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drag_stripMany, many factors go into an informed IT purchasing decision.  Priorities may vary for different people, but relative performance can matter greatly to many IT buyers when considering alternatives.  If the differences are significant and meaningful, it can certainly tilt the scale.

The usual baseline is the core question — is the performance fast enough for what I want to do?

But answering that question is not as easy as it sounds.  Real-world workloads can be notoriously difficult to characterize and size reliably. And it’s nice to have a nice margin of performance headroom in case you’ve guessed wrong, or — more likely — the workloads have changed.  Nobody likes to hit a wall.

But there’s a deeper level as well.  A poorly performing product can require more hardware, licenses and environmentals to match the results of a much better performing product.  While not everyone may care about absolute performance, almost everyone would care about having to pay much more to get equivalent work done.

Unfortunately, there is a paucity of good head-to-head performance testing in the marketplace today.  Ideally, that would be done by an independent third party, but while we’re waiting for that, we’ve done our own.

To be clear, this isn’t about vendors beating each over the head with benchmarks — it’s about helping IT professionals make informed choices.  More data is better.

We’ve already published an extensive set of performance testing for VSAN, but nothing in terms of a direct comparison.  We wanted to correct that situation — and here’s what we’re attempting to do.

The Head-to-Head Test Bed

We wanted to configure two identical four-node clusters — one running Nutanix, and one running native vSphere with VSAN enabled. Both are popular hyperconverged solutions in the marketplace today.

Our assumption going in would be that VSAN would have a significant performance and resource efficiency advantage due to its architecture — it’s built in to the hypervisor vs. layered on top.  But it’s one thing to claim something, and something entirely else to show verifiable evidence.

We took pains to configure both test beds to be precisely identical — exact same hardware, exact same drivers and firmware, etc.  We constructed a set of synthetic tests using VDbench to drive the exact same workloads, under the exact same conditions.  We did our best to pick synthetic workload profiles that matched to what we see in many customer environments.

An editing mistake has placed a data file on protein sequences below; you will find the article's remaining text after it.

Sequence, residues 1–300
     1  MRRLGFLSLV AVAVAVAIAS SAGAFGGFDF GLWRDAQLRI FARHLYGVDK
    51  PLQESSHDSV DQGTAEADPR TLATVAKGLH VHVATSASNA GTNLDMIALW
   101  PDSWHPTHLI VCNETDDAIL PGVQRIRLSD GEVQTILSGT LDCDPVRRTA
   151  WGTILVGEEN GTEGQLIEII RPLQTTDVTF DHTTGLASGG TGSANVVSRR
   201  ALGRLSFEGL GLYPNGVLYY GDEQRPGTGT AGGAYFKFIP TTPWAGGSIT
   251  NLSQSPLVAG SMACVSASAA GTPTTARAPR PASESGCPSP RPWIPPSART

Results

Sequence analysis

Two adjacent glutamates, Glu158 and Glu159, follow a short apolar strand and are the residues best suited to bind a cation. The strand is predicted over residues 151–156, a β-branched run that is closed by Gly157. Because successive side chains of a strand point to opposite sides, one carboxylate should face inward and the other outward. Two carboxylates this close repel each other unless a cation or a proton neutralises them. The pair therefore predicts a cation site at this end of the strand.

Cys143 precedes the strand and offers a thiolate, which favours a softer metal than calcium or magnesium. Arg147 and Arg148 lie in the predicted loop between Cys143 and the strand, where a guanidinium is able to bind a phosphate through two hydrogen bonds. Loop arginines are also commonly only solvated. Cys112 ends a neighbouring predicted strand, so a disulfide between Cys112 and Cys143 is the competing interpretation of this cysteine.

Our only wrinkle is that we had to use vSphere 5.5U2 on the Nutanix test bed, as vSphere 6.0 support has not yet been announced.  Our discussions with VMware engineers led to the conclusion that this wouldn’t result in meaningful differences in the results.  And, of course, when vSphere 6.0 support is announce, we’ll switch over.

We ran and re-ran the tests, and came up with some pretty impressive results that should be easily reproducible by anyone with the time and resources. We think it’s the kind of useful, actionable data that most IT pros would want to see.

Details, Details …

The test bed is as follows:

4 x Dell XC630-10 for Nutanix,
4 x Dell R630 for vSphere with VSAN enabled
2 x Intel E5-2690 v3 per server
12 cores @ 2.6GHz per CPU
256 GB of RAM per server
dual 10Gb Ethernet
1 x PERC H730 Mini per server
2 x 400GB Intel S3700 per server
6 x 1TB 7200 RPM NL-SAS (Seagate) per server

Test software:

VDbench 5.04.01
Nutanix 4.1.2.1 / VMware vSphere 5.5U2
vSphere 6.0 with Virtual SAN enabled
Ubuntu Linux VMs, paravirtualization enabled, deadline scheduler (default)
All driver and firmware versions as supplied by their respective vendors as of May 15, 2015

Nutanix CVMs were reconfigured from 8 vCPUs and 16 GB RAM to 10 vCPUs and 32 GB RAM to avoid 100% saturation observed in initial testing, and per vendor recommendations.  All other configuration parameters left at vendor-supplied defaults.

Test layouts:

32 or 64 concurrent VMs depending on test
10 VMDKs per VM, 10 GB per VMDK, 2 outstanding IOs per VMDK
30 min warmup up time, 60 minutes steady-state measured results

Tests ran: